Design, Education, Preliminary Design Stage Series

Episode 7: Bubble Diagrams and Functional Flowcharts

Bubble diagrams are freehand diagrams made during the preliminary design stage to help plan or zone spaces with similar functions. The bubble diagram is the first step made towards achieving a floor plan. The information from a bubble diagram helps plan out major functions in a building, spaces in the building, their relationships, and sometimes even circulation patterns.

A functional flowchart is also a freehand diagram which is drawn after the bubble diagram to generate main functions or spaces in the building, how they connect to each other and circulation routes in the building. This is like a rough sketch of a floor plan. A very common mistake made when dealing with functional flowcharts is that students usually generate the flowchart after they have completed the floor plan, while the flowchart is supposed to be done before the floor plan.

There are some similarities between a bubble diagram and a functional flowchart. A simple google image search on bubble diagrams, you would realize that the bubble diagrams and functional flowcharts are practically the same thing. However, architecture education sometimes differs from various parts of the world, therefore, we have bubble diagrams and functional flowcharts which are two different things. The ideal chain of generating a floor plan starts with a bubble diagram, then a functional flowchart, and finally a rough sketch of the floor plan.

How to do a Bubble Diagram

A bubble diagram is derived from the main zones/functions in a building. These zones/functions are obtained from case studies and literature review. Their positioning is however based on information from site analysis and site zoning. Fig. 1 shows an example of site for a residential design. In the first diagram, the site has been analyzed and discovered to have major sources of noise from the roads around the site. This resulted in the zoning of the site showing the proposed area for development in the second diagram. The third diagram shows how the bubble diagram has been developed within the proposed development area. The public zone and service zone is placed close to the most accessible part of the site, while the private zone is placed away from it. A buffer zone is also provided as a barrier from neighboring sites.

Fig. 1: How to derive a Bubble Diagram

The zones in the bubble diagram are derived through case studies and literature review. The main functions in a house include living areas, sleeping areas and supporting functions like cooking areas. These areas are grouped into public zones, private zones and services as shown below in fig 2.

Fig. 2: Spaces within Zones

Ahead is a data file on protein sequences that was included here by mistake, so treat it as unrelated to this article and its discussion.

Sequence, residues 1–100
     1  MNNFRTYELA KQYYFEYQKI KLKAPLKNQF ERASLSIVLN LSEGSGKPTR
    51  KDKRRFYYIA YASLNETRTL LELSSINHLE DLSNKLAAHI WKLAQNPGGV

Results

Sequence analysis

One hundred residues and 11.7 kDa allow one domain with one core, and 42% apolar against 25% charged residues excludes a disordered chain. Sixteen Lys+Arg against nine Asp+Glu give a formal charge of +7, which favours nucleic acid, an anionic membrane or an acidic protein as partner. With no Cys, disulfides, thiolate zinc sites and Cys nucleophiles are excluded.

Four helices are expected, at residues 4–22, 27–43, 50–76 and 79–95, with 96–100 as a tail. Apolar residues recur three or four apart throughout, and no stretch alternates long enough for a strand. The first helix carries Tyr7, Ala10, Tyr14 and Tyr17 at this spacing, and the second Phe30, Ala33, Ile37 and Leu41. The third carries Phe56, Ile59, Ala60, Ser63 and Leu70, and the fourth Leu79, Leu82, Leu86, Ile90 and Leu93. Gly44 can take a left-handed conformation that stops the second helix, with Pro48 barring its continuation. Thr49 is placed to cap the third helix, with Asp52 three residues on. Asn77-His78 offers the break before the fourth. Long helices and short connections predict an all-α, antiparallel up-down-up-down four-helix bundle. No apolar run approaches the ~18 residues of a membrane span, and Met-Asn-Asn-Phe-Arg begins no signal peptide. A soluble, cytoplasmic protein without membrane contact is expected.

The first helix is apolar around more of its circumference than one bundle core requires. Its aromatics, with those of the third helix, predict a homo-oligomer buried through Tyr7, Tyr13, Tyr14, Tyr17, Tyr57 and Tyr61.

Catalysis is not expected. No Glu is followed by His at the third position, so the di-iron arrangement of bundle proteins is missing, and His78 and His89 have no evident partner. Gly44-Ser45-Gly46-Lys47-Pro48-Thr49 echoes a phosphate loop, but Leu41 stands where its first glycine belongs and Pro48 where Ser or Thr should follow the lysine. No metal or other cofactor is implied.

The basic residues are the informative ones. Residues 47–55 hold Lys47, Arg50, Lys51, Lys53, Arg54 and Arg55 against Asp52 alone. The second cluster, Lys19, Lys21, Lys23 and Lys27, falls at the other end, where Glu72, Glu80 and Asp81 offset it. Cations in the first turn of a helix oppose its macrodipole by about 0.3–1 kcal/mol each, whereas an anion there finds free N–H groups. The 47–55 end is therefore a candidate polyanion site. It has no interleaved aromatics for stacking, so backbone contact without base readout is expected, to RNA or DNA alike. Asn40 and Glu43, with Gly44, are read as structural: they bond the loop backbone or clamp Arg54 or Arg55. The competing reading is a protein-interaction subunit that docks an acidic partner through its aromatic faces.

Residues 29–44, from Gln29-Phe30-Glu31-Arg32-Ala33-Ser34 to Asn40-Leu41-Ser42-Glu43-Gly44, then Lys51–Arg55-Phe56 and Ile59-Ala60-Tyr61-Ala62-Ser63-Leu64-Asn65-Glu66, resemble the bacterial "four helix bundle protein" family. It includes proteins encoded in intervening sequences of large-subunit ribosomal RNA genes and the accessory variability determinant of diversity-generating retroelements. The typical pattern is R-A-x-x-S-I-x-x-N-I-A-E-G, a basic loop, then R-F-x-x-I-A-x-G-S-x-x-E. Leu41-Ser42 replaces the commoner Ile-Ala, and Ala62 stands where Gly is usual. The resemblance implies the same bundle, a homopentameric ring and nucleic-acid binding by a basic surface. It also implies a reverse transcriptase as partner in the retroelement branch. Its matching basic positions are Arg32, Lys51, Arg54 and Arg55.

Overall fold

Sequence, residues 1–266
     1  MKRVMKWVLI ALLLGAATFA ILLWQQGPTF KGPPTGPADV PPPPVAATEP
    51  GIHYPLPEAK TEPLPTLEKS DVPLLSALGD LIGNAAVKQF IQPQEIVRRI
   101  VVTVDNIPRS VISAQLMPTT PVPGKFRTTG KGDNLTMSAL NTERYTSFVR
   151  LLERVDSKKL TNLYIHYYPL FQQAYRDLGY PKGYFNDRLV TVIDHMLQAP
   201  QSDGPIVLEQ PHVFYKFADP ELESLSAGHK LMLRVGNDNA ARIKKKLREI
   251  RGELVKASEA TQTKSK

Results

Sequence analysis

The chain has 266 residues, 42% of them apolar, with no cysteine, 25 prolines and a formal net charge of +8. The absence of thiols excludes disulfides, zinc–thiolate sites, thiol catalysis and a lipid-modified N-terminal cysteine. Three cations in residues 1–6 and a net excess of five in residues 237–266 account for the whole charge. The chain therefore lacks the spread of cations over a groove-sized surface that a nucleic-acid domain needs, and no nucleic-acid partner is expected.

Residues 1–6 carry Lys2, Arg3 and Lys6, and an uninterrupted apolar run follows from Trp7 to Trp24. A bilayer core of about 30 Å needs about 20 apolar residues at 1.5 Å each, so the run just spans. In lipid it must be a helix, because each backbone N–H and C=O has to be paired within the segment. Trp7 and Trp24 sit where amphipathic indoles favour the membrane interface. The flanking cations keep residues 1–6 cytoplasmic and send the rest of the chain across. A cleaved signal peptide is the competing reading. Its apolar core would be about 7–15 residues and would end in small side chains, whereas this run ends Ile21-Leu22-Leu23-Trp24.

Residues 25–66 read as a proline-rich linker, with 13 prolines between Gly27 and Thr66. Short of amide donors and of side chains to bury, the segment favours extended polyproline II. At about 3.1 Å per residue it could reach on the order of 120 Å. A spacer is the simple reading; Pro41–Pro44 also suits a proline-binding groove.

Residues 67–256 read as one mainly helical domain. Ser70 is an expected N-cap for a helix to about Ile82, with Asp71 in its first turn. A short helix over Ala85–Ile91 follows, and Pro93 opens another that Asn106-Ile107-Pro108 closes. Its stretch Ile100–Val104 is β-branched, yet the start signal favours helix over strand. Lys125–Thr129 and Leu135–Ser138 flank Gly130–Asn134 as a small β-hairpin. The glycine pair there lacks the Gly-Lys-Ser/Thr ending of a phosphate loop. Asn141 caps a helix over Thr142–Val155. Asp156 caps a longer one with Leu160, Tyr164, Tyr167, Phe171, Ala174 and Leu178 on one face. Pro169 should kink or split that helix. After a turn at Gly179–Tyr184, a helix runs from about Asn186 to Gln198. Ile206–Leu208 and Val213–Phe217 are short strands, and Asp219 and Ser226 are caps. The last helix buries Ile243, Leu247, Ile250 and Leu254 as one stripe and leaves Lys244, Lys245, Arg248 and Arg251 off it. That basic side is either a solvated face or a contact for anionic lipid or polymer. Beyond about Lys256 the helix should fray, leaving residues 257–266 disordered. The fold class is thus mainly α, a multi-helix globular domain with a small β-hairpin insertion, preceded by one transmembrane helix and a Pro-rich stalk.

How to do a Functional Flowchart

A functional flowchart comes after the bubble diagram. This represents how spaces are connected with one another. This usually gives an idea of how a floor plan would look like. In a residential design, the main spaces include the living room, dining room, kitchen, storage room, bedrooms and toilets. There might be other spaces like a foyer, laundry room, a study, etc. but it all depends on the nature of the design brief. Like a flowchart, these spaces are represented in a diagram with lines connecting them. The lines serve as circulation routes through the buildings.

Fig. 3: Bubble Diagram and Functional Flowchart

Zones and spaces in bubble diagrams and functional flow charts are peculiar to the nature of a project. It is important to be creative with your diagrams. Nice sketches or details can be added to help make the diagrams more appealing or explanatory. For example, in the design of a hospital, the bubble diagram was made to represent some sort of microorganism under a microscope (Fig. 4). In the design of a 5-star hotel, the functional flowchart was in 3D diagram showing how spaces interact on different levels (Fig. 5).

Fig. 4: Bubble Diagram for Hospital
Fig. 5: Functionality Sheet for 5-Star Hotel

The significance of bubble diagrams and functional flowchart cannot be over emphasized. It is important that they are done before any sketches of the floor plan are made. (NOTE: My designs were done before the establishing of Quif Studio. These current blog posts are written in line with research, my experience and through consultations. Any mistakes, omissions etc. that have been noticed in my designs, were made a few years ago. The sole purpose of sharing them is to give an idea of what each and every step should look like)

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